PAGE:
Preventing wildfire is essential in northern B.C.

It is generally recognized that the removal of the conifers is a major mitigation step in terms of community wildfire


Wildfire is common in most of the world except for the far north and the far south where there are no vegetation.

Conifer trees, those trees that grow seed cones are much more flammable than broad leaf trees and shrubs. It is generally recognized that the removal of the conifers is a major mitigation step in terms of community wildfire.

Sometimes the trees around communities are not commercially valuable but community members treasure them for their aesthetic values. The result is that quite a few communities are threatened not by valuable mature conifers but instead by young immature trees that may have little or no value.

So for these communities, if wildfire mitigation takes place, the removal of conifers and planting of broadleaf trees could be at considerable financial cost. This cost is a very serious impediment to wildfire mitigation. Nevertheless, the cost to mitigate could be turned into an economic benefit with a little massaging of the B.C. Forestry Act and a bit of entrepreneurial innovation.

This can be a problem; the same people who assess risk are the same who pay the bill for mitigation. Therefore it is not unreasonable to suppose that there could be a proclivity to underestimate risk in order to live within a limited budget.

On any given winter day there is no wildfire risk. On a hot dry sunny day, particularly if there has been no precipitation for some time, chances are that the risk will be very high. So risk is an element in motion, it can change quite quickly in intensity. When evaluators who designate wildfire risk as a static value, like low risk or high risk, it can only be for a specific time period. Risk is a component in motion. Temperature, humidity, dew point, last precipitation, and ground moisture among others comprise the influential factors governing risk.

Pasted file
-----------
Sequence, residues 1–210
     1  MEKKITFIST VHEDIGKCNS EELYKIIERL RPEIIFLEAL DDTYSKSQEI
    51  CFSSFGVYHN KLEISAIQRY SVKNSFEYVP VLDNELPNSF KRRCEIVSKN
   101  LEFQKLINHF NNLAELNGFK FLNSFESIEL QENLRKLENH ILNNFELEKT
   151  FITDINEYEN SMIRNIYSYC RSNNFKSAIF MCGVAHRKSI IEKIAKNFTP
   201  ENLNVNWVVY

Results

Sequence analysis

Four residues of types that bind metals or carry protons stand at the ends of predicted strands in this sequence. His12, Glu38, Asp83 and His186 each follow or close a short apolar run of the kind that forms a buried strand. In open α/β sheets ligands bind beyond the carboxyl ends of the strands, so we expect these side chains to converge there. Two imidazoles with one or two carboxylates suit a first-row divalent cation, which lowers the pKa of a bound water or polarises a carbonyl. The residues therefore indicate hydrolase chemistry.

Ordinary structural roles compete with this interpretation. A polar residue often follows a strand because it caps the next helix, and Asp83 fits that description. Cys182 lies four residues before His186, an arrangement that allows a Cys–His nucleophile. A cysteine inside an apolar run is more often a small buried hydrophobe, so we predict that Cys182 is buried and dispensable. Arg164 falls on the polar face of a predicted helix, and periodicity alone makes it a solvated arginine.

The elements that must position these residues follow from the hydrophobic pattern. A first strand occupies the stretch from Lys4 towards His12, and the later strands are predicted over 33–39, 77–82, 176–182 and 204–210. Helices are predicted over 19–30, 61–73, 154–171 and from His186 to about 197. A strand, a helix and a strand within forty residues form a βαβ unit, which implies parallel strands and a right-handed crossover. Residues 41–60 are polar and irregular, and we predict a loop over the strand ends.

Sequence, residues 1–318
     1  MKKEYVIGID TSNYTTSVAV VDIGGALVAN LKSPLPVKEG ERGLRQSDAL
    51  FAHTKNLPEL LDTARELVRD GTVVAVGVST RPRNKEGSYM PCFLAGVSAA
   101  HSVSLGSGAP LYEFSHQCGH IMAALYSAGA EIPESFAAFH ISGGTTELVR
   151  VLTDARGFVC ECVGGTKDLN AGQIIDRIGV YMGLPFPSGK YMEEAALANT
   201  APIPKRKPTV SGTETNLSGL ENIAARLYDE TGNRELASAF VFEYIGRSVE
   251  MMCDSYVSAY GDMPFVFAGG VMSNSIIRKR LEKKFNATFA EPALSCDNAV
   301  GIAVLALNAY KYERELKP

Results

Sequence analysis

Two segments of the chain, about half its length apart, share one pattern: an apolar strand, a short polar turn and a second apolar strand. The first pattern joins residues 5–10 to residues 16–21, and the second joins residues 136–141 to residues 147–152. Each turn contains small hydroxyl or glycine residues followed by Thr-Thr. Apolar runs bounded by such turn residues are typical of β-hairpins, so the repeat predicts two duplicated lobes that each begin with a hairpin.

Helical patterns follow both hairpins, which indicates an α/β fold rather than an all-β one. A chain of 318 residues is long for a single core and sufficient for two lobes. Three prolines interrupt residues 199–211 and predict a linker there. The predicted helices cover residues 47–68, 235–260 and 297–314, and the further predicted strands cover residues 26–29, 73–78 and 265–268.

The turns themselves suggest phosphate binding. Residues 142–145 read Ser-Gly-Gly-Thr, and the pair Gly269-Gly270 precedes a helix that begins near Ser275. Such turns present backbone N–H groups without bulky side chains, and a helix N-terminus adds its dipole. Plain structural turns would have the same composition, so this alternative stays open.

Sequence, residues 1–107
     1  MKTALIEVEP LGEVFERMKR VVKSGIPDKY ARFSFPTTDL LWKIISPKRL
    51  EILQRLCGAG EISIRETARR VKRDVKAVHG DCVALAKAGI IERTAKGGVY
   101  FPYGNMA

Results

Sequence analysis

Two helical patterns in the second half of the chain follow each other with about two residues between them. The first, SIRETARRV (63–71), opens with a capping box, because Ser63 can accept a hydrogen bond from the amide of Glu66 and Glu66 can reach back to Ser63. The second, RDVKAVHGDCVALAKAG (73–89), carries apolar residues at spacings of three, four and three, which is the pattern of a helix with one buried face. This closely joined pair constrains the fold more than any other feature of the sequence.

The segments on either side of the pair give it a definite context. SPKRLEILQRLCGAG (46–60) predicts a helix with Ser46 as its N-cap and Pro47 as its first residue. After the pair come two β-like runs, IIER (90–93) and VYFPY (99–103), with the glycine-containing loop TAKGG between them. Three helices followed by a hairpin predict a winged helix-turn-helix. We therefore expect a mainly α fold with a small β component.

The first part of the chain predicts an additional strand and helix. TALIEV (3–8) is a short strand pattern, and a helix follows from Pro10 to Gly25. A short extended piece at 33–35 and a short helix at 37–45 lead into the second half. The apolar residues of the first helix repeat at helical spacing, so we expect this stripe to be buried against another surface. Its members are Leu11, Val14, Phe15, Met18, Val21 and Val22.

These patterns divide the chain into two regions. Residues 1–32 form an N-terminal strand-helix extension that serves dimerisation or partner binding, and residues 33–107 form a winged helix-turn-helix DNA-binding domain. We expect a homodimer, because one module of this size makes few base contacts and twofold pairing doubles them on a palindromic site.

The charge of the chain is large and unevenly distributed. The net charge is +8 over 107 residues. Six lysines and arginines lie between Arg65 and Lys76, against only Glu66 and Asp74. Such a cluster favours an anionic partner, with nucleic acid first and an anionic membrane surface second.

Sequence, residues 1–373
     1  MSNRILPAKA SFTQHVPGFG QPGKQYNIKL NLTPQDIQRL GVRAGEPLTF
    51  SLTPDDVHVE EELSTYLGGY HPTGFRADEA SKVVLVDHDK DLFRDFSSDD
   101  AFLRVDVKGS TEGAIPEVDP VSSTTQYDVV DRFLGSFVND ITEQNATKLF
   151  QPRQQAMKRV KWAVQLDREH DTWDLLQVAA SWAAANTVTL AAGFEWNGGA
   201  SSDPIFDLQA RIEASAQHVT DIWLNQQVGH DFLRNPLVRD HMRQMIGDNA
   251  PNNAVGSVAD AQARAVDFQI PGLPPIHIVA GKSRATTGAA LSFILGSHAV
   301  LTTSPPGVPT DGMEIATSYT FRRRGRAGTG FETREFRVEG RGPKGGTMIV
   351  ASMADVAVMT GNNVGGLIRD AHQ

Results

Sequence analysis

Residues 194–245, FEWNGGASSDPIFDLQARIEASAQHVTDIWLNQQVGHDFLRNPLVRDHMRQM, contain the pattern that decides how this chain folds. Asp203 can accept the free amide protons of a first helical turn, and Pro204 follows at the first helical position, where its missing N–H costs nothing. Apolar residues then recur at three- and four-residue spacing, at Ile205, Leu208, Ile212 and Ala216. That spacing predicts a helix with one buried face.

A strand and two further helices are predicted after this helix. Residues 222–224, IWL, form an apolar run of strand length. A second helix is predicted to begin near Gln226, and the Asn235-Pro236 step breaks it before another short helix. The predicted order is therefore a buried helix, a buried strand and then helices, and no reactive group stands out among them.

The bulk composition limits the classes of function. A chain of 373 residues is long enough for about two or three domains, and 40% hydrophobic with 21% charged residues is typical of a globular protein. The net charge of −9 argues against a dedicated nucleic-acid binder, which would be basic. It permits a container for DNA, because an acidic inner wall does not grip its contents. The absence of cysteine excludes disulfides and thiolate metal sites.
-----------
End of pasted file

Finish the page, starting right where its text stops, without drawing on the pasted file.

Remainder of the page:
To illustrate, if we say that an aircraft only has a one per cent risk of crashing, that would mean that one hour out of a hundred hours would be potentially fatal. This kind of risk is not acceptable. So if there is a hot dry spell with cumulonimbus activity (thunder storms) for six weeks, it would mean that a community could be at risk for 11 per cent of the time in one year. Is this an acceptable wildfire risk and, if it is not, how do we innovate to reduce the risk?


Frederick Clarke